Some people find that living in hurricane-zone Florida is normal just like anywhere else where natural disasters come and go, season per season. Coping with life every hurricane season is just a matter of adjusting and ‘dealing with it‘—an attitude that most Floridians have understood and coped with to enjoy the Floridian lifestyle. This article is limited to the basics of hurricane safety especially for newly moved residents of Florida, who are new to the ‘hurricane experience’.
First, create a ready-made anti-hurricane program plan. Preparation with knowledge is the key to every Floridian hurricane survival. Most residents prepare their families especially their children about what to do and how to do it. Do research on community programs for hurricane preparedness to find out how workplace and school groups handle hurricane situations. If you’re new to Florida, ask your neighbors if your area is hurricane-prone since they are more knowledgeable about it. Make a well-detailed list or questionnaire so that you’ll know what to do in advance, involving basic questions about basic necessities—food, water, shelter, security, and others. Know the evacuation center’s location, when to go and how to get there, and keep a list of contact persons. Advanced knowledge can help a lot and give you a sense of confidence and courage in tackling a disaster that is about to come. Make sure you have the contact information of ServiceMaster by PWF if you have a flood or hurricane event to deal with.
Second, ready your property both inside and out. Strengthen and build more structural supports for parts of the house that are the weakest and the most common targets of a hurricane like windows, doors, garages, and, most importantly, rooftops. Trim and clean surrounding shrubs and trees. Inside the house, check if radios are battery-ready, if water bottles are filled with drinking water, and if sanitary water is readily available for bathtubs.
Third, assemble and prepare a hurricane emergency box, which includes basic emergency medical supplies and equipment; first aid kits and medicine, especially maintenance medicine (the hurricane might take weeks); and blankets and pillows with water-resistant pillowcases (at least).
Last, make a reinforced safe room in your house with a three-to-seven-day list of items/goods like food and water, kitchen accessories, hygienic items, flashlights and batteries, tools, and a ‘grab bag’ which includes cash, camera, keys, mobile phones with chargers, and your most important documents.
Before the Hurricane
Always stay alert and be ready to put your plan in action; if there is still have time to review your plan, do it. Double-check everything from your house preparation to your anti-hurricane items. Stay updated with the latest news. Obey advisories for evacuation.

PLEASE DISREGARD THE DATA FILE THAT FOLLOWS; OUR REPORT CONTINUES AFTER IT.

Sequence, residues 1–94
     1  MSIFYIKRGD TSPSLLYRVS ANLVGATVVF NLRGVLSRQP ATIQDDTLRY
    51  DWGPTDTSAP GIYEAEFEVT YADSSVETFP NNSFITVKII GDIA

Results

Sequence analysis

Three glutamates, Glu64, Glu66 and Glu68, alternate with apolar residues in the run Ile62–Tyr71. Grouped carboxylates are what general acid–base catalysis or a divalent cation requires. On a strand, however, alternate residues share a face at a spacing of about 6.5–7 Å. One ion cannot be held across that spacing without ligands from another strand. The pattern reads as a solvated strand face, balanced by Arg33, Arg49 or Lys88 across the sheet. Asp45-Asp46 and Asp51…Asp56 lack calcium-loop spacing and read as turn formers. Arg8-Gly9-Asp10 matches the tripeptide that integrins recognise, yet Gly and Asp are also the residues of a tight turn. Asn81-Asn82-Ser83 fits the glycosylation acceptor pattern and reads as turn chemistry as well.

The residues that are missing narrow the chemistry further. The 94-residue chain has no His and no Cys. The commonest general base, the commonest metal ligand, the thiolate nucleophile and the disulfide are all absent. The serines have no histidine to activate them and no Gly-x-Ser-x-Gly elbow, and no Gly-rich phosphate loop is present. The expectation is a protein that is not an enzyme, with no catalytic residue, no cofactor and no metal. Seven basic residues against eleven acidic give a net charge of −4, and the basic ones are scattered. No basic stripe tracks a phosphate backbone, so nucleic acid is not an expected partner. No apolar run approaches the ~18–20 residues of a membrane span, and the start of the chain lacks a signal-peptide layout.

During the Storm
Stay inside your safe room and stay away from windows and doors. Monitor the NOAA radio for latest updates, especially the location of the hurricane’s eye. Perform instructions commanded by local authorities like turning off the power if necessary, avoiding contact with flood waters especially children, and waiting until everything is back to normal.
After the storm
Contact your family and friends to be informed about their status and to inform them about yours. Keep listening to local news for updated information and instructions while keeping watch for extended rainfalls and flooding. If evacuated, follow the local authorities’ instructions before you return. Before going outside, make sure everything is clear and the storm has already left the vicinity. Once confirmed safe, document the damages on your property by taking pictures and videos, for insurance purposes and personal use.
If fortune is on your side, everything will be safe and you’ll have no property damages. However, if you are unfortunate and disaster strikes your property and you need water damage restoration and remediation works, call ServiceMaster by PWF, Florida’s trusted professionals and experts in residential and commercial restoration for water and storm damages.
ServiceMaster by PWF takes pride in its level of service when it comes to water and storm damages on your home or business. A water damage emergency can be traumatic and we understand that. Our goal is to get your life back to normal as quickly as possible.
You can contact our service offices at Pinellas: 813-295-7797, Ocala: 352-292-8988, Gainesville: 352-441-3020, Lake City: 386-866-3349, and Duvall | Clay | St. John: 904-999-4481; our IICRC-certified technicians will be happy to work on flood damage remediation in Gainesville, water damage restoration services in Gainesville, fire damage repair in Pinellas, mold remediation in Ocala, cleaning service in Lake City, or sewage cleaning in Duvall,Clay and St.John. For other details, please visit our website at https://www.servicemasterbypwf.com/.